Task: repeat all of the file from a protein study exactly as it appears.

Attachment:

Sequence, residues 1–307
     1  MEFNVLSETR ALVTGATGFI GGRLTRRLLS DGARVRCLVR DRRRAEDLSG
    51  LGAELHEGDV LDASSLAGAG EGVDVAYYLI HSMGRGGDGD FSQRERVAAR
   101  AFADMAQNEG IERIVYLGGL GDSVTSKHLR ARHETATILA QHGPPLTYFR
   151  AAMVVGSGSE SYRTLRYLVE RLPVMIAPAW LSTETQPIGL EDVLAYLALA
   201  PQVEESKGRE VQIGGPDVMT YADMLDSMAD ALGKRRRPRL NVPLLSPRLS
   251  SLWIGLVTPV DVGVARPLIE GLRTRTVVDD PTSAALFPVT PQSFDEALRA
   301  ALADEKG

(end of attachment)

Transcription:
Sequence, residues 1–307
     1  MEFNVLSETR ALVTGATGFI GGRLTRRLLS DGARVRCLVR DRRRAEDLSG
    51  LGAELHEGDV LDASSLAGAG EGVDVAYYLI HSMGRGGDGD FSQRERVAAR
   101  AFADMAQNEG IERIVYLGGL GDSVTSKHLR ARHETATILA QHGPPLTYFR
   151  AAMVVGSGSE SYRTLRYLVE RLPVMIAPAW LSTETQPIGL EDVLAYLALA
   201  PQVEESKGRE VQIGGPDVMT YADMLDSMAD ALGKRRRPRL NVPLLSPRLS
   251  SLWIGLVTPV DVGVARPLIE GLRTRTVVDD PTSAALFPVT PQSFDEALRA
   301  ALADEKG